Sana Biotechnology Presents Data at ISSCR 2022 Annual Meeting Showing Survival of Transplanted Hypoimmune iPSC-Derived Differentiated Cell Types Without Immunosuppression in Non-Human Primates

First demonstration of the survival of allogeneic islet cells, cardiomyocytes, and retinal pigment epithelium cells transplanted into an immunocompetent non-human primate model without any immune suppression

The islet autoimmune data suggest that cells with hypoimmune (HIP) edits evade allogeneic immune response and autoimmune response in a type 1 diabetes mouse model

Transplanting allogeneic cells into a non-human primate without immune suppression represents a key step toward development of engineered cells for the treatment of disease

SEATTLE, June 17, 2022 (GLOBE NEWSWIRE) -- Sana Biotechnology, Inc. (NASDAQ: SANA), a company focused on creating and delivering engineered cells as medicines, presented data showing survival of transplanted allogeneic, hypoimmune cells of several different types in a variety of locations in non-human primates (NHPs). The transplanted cells were induced pluripotent stem cell (iPSC)-derived cardiomyocytes, retinal pigment epithelium (RPE) cells, and islet cells, which were engineered to include Sana’s hypoimmune gene modifications that enable immune evasion. Data were presented by Sonja Schrepfer, M.D., Ph.D., Head of Hypoimmune Platform at Sana, during sessions at the International Society for Stem Cell Research (ISSCR) 2022 Annual Meeting taking place from Wednesday, June 15 through Sunday, June 19 in San Francisco.

“These data, demonstrating that three types of transplanted cells are able to survive and function in NHPs without immunosuppression, highlight the transformative potential of Sana’s hypoimmune platform across a number of different cell types that can address a variety of diseases,” said Steve Harr, Sana’s President and Chief Executive Officer. “As an example, the use of allogeneic islet transplant has had limited success in treating type 1 diabetes due to morbidities from the necessary immunosuppression. In contrast, our data indicate that we successfully engineered HIP human pancreatic islet cells to evade immune recognition, and these cells persisted and normalized glucose levels in in vivo models. We are applying the hypoimmune platform to a number of programs in our pipeline, including SC291, our CD19 targeted allogeneic CAR T therapy for blood cancers, with a goal of an IND this year, and SC451, our islet cell program with a goal of an IND for the treatment of type 1 diabetes in 2023.”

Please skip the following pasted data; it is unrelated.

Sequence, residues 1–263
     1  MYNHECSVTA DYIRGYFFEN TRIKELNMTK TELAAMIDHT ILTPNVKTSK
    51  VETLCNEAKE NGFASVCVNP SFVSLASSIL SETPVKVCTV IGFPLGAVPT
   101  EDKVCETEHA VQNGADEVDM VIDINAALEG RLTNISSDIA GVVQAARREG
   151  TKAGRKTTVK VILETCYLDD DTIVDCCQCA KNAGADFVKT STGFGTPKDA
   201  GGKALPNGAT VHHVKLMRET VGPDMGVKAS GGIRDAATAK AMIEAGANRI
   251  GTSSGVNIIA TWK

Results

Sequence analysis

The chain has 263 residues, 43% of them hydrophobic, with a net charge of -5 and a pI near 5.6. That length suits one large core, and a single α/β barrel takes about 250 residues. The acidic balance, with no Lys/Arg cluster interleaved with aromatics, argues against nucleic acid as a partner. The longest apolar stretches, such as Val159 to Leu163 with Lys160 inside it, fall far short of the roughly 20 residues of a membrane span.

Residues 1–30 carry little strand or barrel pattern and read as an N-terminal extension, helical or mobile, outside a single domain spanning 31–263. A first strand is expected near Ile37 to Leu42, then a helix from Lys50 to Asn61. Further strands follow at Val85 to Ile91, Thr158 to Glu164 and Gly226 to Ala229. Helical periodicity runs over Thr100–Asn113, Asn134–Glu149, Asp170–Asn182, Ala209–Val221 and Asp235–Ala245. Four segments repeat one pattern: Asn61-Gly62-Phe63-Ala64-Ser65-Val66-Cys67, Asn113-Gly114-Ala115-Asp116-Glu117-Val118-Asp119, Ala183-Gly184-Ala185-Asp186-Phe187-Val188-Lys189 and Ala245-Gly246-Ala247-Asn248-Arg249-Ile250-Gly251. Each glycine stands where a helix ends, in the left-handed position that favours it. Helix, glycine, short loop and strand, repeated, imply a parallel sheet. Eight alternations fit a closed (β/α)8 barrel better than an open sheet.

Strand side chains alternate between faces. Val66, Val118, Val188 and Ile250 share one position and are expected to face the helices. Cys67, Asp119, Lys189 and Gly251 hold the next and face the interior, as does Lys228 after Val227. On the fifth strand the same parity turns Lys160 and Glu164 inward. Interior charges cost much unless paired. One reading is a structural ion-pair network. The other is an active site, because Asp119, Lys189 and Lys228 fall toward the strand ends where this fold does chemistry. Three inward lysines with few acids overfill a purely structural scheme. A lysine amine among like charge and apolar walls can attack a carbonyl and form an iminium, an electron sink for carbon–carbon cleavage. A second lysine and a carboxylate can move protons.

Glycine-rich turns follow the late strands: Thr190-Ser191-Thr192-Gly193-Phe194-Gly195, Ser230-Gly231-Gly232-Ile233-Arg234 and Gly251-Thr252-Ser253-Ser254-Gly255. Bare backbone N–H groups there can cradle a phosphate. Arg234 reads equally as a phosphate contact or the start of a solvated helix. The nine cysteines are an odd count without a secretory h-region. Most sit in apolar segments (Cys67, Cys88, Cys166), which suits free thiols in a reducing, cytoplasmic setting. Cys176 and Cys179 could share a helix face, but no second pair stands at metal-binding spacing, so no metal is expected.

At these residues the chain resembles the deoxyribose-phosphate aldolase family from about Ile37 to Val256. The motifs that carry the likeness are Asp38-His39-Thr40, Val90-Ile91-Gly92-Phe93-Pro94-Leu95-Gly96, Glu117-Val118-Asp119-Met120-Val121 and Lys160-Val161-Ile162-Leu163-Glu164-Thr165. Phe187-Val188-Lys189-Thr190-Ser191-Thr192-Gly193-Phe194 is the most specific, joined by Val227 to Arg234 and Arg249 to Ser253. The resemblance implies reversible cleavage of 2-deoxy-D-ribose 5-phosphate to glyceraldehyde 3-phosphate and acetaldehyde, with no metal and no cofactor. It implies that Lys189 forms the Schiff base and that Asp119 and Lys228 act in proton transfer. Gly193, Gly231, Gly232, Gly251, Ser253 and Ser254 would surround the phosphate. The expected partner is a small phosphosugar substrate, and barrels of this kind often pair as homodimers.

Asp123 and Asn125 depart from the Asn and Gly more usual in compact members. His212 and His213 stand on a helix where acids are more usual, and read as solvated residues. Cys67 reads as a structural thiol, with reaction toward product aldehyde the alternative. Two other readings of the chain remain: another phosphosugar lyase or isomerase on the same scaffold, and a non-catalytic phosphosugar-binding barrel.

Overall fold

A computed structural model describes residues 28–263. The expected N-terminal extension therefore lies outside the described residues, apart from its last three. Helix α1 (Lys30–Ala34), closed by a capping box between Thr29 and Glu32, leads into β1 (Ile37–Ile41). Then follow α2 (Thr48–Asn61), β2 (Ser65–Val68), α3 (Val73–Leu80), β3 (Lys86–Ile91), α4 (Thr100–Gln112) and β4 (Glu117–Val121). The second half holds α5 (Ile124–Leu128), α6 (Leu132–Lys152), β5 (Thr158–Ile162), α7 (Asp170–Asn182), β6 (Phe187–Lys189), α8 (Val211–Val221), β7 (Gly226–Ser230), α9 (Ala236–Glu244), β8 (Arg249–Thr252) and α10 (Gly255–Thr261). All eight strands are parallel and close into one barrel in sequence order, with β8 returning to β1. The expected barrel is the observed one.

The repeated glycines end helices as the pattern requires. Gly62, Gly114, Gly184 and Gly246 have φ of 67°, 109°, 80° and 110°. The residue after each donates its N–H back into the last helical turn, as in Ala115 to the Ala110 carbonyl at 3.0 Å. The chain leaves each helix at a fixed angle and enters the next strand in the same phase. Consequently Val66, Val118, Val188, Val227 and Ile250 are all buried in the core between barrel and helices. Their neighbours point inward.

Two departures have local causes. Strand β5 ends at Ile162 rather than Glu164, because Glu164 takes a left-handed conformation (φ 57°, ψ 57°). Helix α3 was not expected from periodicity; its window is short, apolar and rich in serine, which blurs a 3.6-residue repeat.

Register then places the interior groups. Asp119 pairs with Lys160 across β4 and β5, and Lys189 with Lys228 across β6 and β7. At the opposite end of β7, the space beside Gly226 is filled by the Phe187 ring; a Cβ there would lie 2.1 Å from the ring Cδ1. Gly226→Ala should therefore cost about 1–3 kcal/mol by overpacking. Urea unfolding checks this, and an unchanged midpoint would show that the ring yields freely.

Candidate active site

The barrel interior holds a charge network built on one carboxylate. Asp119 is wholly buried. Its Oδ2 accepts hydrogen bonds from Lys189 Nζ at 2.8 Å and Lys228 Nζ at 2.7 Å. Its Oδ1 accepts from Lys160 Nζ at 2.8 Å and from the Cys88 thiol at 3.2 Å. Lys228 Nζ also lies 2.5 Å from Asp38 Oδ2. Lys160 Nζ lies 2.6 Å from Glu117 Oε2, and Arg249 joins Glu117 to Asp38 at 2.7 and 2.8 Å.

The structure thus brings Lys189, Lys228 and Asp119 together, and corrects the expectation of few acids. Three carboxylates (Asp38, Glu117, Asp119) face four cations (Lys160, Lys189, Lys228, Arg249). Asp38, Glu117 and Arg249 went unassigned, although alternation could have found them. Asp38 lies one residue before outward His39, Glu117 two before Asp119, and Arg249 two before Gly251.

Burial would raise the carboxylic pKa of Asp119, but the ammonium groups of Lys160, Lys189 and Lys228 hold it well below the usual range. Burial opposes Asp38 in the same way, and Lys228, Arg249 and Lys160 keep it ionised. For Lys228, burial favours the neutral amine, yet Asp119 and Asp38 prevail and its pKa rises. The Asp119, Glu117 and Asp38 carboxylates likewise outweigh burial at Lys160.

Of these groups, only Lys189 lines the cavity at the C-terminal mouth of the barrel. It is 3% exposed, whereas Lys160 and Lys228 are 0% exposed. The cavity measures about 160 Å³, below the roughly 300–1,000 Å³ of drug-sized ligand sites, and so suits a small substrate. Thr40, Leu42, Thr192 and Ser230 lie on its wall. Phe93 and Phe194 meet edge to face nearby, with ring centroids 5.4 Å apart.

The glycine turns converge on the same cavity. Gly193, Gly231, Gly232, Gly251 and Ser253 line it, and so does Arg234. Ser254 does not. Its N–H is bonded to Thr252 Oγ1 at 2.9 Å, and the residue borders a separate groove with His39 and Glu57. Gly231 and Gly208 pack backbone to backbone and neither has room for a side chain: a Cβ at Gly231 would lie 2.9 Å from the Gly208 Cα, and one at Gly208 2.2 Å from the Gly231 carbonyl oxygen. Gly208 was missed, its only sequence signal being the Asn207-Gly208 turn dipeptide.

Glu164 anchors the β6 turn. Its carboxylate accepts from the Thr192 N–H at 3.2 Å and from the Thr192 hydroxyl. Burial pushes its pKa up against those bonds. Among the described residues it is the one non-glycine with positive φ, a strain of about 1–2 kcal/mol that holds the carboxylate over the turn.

Transplanting cells or tissues from a donor to a different recipient currently requires intense immunosuppression to prevent rejection of the transplant. Sana’s HIP platform goal is to eliminate the need for immunosuppression by cloaking cells from immune recognition. The platform includes disruption of the major histocompatibility (MHC) class I and MHC class II expression to hide cells from the adaptive immune system, which includes antibody and T cell responses. These changes alone make cells susceptible to innate immune cell killing, in particular by natural killer (NK) cells. However, Sana’s HIP platform additionally provides for evasion from innate cell killing, including via the overexpression of CD47, a molecule that protects HIP-modified cells from innate cell killing involving either NK cells or macrophages. HIP-modified pluripotent stem cells can serve as the starting material for the differentiation of specialized cell types to serve as cell-based therapeutics. Sana’s goal is to use these HIP-modified cells to replace damaged or missing cells in the body in a number of different diseases, including, among others, cancer, type 1 diabetes, and cardiac disease.

Survival of HIP-modified islet cells for type 1 diabetes

Primary NHP pancreatic islet cells
In this study, allogeneic primary pancreatic islet cells were HIP edited and transplanted intramuscularly into a healthy NHP without immunosuppression (n=1) as proof-of-concept. Islet cell survival was followed by in vivo bioluminescence imaging. The imaging showed that transplanted cells survived for the duration of the study (three months at data lock) with no evidence of a systemic immune response, including no T cell activation, antibody production, or NK cell activity as seen previously with other HIP edited cell types in NHPs (iPSC, cardiomyocytes, and RPE). Allogeneic unmodified primary pancreatic islet cells disappeared rapidly within 2 weeks.

Autoimmune mice
Type 1 diabetes is a disease in which the patient’s immune system attacks and kills their pancreatic beta cells. Therefore, allogeneic transplanted cells in type 1 diabetes need to overcome both allogeneic and autoimmune rejection. Autoimmune diabetes arises spontaneously in non-obese diabetic (NOD) mice, and the pathophysiology of this disease shares many similarities with human type 1 diabetes. Since its development in 1980, this model has represented the gold standard of spontaneous disease models, allowing for investigation of autoimmune diabetes disease progression and susceptibility traits, as well as to test a wide array of potential treatments and therapies.

In this study, syngeneic or allogeneic mouse islet cells were transplanted intramuscularly without immunosuppression into diabetic autoimmune mice (n=15), split into three cohorts. The first cohort received unmodified syngeneic islet cells, the second cohort received unmodified allogeneic islet cells, and the third cohort received allogeneic HIP islet cells. The unmodified cells disappeared rapidly in the allogeneic setting (within 10 days) as well as in the syngeneic setting (within two weeks) due to autoimmune recognition. Neither cohort had a decrease in glucose levels. The HIP islet cells survived in all five diabetic mice for the duration of the study (one month at data lock), and glucose levels dropped, demonstrating therapeutic function of the HIP islet cells.

Survival of HIP-modified cardiomyocytes (iPSC-derived)